Food Safety
Online ISSN : 2187-8404
ISSN-L : 2187-8404
Volume 9, Issue 4
Displaying 1-4 of 4 articles from this issue
Review
  • Jun Suzuki, Rie Murata, Yukihiro Kodo
    2021 Volume 9 Issue 4 Pages 89-100
    Published: 2021
    Released on J-STAGE: December 24, 2021
    Advance online publication: December 07, 2021
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    Anisakiasis is a gastrointestinal disease caused by infection with anisakid nematodes. Anisakis larvae have been listed as distinct food poisoning agents in the manual of Food Poisoning Statistics, Japan since 2013. The reported numbers of food poisoning cases caused by Anisakis larvae are gradually increasing. A total of 94.0% of the causative larvae species were identified as Anisakis simplex sensu stricto (A. simplex), and 4.4% were identified as Anisakis pegreffii, among human-isolated anisakid nematodes examined in Tokyo Metropolitan Institute of Public Health, Japan from 2011 to 2018. Anisakis species infecting fishes in Japanese waters differ depending on their habitat and depth. A. simplex mainly infects fishes in the Pacific side of Japan, and A. pegreffii mainly infects fishes in the East China Sea and Sea of Japan sides. Regarding the causative foods of anisakiasis, cases by ingestion of mackerel (Scomber spp.) have been the most common in Japan, and cases caused by eating “marinated mackerel” accounted for 32.8% of the total in Tokyo from 2011 to 2017. However, the number of reports of food poisoning caused by skipjack tuna (Katsuwonus pelamis) was highest in May 2018 in Japan. A parasitological surveys of Anisakis third-stage larvae in skipjack tuna in Japanese waters were conducted in 2018 and 2019, and it was confirmed that more A. simplex infections of skipjack tuna may have occurred in 2018 than usual due to the meandering flow of the Black Current. Moreover, a portion of A. simplex larvae migrated from visceral organs to the ventral muscle in live skipjack tuna before capture, suggesting that an extensive cold chain after capture cannot prevent anisakiasis. In fish species that were reported to be high frequency of causative food of anisakiasis, it is necessary to freeze or at least remove the ventral muscle.

  • Hiroshi Akiyama, Reiko Adachi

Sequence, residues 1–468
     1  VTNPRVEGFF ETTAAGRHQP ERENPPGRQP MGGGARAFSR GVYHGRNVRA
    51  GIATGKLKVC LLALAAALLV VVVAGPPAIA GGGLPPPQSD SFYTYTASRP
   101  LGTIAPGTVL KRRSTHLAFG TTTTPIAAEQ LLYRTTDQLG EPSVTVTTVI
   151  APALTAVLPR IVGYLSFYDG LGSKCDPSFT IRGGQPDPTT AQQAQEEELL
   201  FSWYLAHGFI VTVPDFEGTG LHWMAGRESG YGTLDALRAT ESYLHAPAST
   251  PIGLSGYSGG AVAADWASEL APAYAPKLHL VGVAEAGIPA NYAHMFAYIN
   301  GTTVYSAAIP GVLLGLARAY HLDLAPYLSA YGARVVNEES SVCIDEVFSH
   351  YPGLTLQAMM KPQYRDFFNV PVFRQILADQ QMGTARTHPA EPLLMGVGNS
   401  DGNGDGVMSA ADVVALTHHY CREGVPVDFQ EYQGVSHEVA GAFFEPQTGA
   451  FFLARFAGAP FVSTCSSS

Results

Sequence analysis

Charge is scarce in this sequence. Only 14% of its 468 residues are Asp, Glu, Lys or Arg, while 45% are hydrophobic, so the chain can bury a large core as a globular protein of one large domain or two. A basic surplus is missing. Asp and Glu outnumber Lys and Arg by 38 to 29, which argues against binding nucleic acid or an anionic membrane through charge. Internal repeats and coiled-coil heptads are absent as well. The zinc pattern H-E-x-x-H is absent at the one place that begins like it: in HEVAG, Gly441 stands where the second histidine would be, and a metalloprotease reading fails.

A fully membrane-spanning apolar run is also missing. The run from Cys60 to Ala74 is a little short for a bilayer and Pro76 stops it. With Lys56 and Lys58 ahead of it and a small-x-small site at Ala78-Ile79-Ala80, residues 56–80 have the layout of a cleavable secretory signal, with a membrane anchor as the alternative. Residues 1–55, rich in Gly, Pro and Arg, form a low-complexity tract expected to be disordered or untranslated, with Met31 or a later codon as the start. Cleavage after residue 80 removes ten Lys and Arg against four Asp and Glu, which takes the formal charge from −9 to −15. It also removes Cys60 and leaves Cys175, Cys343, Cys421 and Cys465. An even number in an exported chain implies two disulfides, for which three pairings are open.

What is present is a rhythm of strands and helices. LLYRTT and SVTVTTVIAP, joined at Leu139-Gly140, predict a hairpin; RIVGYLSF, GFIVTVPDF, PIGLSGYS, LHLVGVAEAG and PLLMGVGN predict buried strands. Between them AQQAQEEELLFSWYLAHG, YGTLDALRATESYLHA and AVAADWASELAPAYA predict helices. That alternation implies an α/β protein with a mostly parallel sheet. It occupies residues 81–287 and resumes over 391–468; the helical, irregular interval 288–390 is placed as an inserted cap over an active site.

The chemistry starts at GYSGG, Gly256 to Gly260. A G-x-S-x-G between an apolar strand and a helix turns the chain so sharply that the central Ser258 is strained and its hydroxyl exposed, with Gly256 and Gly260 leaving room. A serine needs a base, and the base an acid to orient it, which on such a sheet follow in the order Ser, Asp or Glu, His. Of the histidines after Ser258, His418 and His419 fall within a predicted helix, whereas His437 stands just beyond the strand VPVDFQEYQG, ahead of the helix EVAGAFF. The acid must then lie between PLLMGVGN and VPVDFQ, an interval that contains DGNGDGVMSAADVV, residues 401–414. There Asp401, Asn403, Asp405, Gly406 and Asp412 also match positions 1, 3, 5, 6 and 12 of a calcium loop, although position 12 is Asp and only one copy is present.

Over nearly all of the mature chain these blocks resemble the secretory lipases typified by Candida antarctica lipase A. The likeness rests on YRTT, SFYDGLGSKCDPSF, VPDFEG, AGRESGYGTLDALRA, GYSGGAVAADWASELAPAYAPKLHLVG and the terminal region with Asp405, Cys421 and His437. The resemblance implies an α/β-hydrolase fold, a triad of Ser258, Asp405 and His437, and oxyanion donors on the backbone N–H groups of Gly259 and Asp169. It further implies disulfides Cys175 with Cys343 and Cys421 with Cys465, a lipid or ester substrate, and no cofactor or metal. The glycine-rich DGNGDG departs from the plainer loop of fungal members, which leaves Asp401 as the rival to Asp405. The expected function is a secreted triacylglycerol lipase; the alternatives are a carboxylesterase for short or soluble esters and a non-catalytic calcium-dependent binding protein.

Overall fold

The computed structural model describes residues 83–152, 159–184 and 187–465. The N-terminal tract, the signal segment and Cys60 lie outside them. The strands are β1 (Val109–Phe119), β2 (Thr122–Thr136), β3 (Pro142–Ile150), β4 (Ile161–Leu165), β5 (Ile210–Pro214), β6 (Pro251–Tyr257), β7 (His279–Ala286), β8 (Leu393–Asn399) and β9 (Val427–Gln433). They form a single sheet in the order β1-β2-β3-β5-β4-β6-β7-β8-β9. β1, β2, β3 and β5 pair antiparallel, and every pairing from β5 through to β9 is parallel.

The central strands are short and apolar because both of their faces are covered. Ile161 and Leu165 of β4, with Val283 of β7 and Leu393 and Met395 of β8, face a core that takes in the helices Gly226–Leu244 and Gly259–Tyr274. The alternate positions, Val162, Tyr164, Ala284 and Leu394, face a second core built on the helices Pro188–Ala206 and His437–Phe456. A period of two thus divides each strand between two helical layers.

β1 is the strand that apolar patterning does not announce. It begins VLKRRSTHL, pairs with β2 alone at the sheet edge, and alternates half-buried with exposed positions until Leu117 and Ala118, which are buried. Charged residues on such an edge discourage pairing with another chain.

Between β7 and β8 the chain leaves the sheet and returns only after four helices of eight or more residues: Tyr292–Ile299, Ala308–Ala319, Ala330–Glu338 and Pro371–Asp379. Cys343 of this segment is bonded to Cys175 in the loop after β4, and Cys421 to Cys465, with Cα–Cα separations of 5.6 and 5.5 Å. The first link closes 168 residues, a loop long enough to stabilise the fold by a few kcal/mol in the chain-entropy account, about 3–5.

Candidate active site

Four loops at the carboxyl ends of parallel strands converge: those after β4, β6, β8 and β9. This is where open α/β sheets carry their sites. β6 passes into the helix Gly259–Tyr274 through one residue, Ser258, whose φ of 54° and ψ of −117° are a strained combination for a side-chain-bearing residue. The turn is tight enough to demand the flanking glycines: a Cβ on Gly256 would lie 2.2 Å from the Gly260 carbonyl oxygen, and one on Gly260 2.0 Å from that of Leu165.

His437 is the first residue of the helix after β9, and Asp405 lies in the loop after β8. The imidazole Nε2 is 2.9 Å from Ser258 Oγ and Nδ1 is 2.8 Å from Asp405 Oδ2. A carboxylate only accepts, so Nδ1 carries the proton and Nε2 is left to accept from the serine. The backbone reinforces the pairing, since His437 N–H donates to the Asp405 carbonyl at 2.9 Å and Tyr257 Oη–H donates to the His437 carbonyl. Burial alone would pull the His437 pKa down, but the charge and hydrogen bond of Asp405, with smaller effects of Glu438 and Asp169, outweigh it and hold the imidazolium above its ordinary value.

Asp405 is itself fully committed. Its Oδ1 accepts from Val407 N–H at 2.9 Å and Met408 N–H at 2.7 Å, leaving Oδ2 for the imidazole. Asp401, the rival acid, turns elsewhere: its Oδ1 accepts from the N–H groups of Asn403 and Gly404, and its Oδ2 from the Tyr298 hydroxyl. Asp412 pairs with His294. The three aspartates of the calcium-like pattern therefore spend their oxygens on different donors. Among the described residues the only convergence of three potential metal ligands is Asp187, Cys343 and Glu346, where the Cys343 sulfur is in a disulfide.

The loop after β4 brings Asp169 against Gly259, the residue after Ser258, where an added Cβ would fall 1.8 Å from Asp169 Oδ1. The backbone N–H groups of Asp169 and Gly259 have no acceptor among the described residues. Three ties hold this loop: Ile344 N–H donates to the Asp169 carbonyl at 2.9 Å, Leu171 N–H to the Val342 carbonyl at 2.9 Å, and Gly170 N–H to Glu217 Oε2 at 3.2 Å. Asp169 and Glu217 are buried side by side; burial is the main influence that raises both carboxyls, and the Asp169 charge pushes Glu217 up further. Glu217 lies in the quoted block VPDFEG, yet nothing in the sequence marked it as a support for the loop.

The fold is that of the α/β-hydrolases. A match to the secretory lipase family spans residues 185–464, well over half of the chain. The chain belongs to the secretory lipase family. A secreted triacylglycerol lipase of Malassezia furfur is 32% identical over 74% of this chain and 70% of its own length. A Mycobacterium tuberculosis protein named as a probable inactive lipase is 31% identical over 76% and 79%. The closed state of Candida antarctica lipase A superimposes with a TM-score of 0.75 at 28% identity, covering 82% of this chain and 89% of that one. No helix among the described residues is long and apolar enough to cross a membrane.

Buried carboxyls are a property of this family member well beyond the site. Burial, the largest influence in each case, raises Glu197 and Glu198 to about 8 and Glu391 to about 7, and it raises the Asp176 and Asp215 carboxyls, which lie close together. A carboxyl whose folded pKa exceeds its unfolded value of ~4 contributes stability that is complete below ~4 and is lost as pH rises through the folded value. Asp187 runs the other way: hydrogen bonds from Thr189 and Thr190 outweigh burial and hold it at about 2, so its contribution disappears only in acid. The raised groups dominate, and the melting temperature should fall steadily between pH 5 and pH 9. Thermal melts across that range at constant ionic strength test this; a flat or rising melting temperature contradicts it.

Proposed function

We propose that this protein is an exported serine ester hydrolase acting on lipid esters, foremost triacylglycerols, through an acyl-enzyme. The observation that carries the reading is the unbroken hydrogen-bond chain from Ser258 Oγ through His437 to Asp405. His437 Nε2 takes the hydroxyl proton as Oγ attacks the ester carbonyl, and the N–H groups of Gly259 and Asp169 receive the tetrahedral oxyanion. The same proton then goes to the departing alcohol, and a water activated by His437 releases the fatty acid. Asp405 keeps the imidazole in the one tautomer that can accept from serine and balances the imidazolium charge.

2021 Volume 9 Issue 4 Pages 101-116
    Published: 2021
    Released on J-STAGE: December 24, 2021
    Advance online publication: December 07, 2021
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    In the Japanese allergy-labeling system, food labeling is mandated for 7 specific ingredients (egg, cow’s milk, wheat, buckwheat, peanut, shrimp, and crab) and recommended for 21 food ingredients in reference to case numbers of actual illness and the degree of seriousness. To monitor the validity of the labeling system, official methods for the detection of specific ingredient proteins in processed foods were developed. The official methods consist of ELISA methods for screening, and western blot methods for egg and milk, and PCR methods for wheat, buckwheat, peanut, shrimp/prawn, and crab as confirmation tests. Threshold amounts (a few mg/kg) for labeling were set based on the approach of the analytical detections. Any foods containing protein allergens should be labeled if these contain allergens at greater than 10 ppm (mg/kg). Validation protocol criteria were established to standardize the Japanese official method. Food Safety Commission of Japan conducted a risk assessment of egg as a specific ingredient and judged that current labeling system for foods containing allergens is generally appropriate for “eggs”. In the future, it is important to accumulate necessary scientific knowledge in order to carry out food health impact assessment including further refinement. The Japanese experience and knowledge of food allergy-labeling system would contribute to harmonize international labeling guidelines to protect allergic consumers globally.

Risk Assessment Report
  • Food Safety Commission of Japan
    2021 Volume 9 Issue 4 Pages 117-118
    Published: 2021
    Released on J-STAGE: December 24, 2021
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    Basic Act on allergic diseases measures was enforced in 2015, in order to improve the living environment of Japanese population via enhancing food labeling of concerned allergic ingredients. Food Safety Commission of Japan (FSCJ), then, deemed it necessary to examine this Japanese allergen labeling system. Labeling is currently mandatory for 7 ingredients, and in addition, recommended for 21 distinct ingredients. FSCJ chose to conduct a self-tasking risk assessment on hen-eggs labeling, as hen-eggs show high prevalence of allergy cases out of those presented ingredients. Hen-eggs were specifically focused on this assessment due to the available amount of data. There have been no incidents of hen-egg protein-derived allergic reactions at levels below the “threshold concentration”, which was set at 10 μg of allergenic protein per 1 g of food for the labeling purpose of Japan’s system. On the practical aspect, allergen contamination in pre-packaged foods is continuously prevented through good hygiene practices. Introduction of mandatory HACCP-based approach in the food industry of Japan contributed to appropriate controls, including prevention of labeling errors among others. In conclusion, FSCJ judged the current allergen labeling system on hen-eggs in Japan to be generally appropriate based on the currently available evidences.

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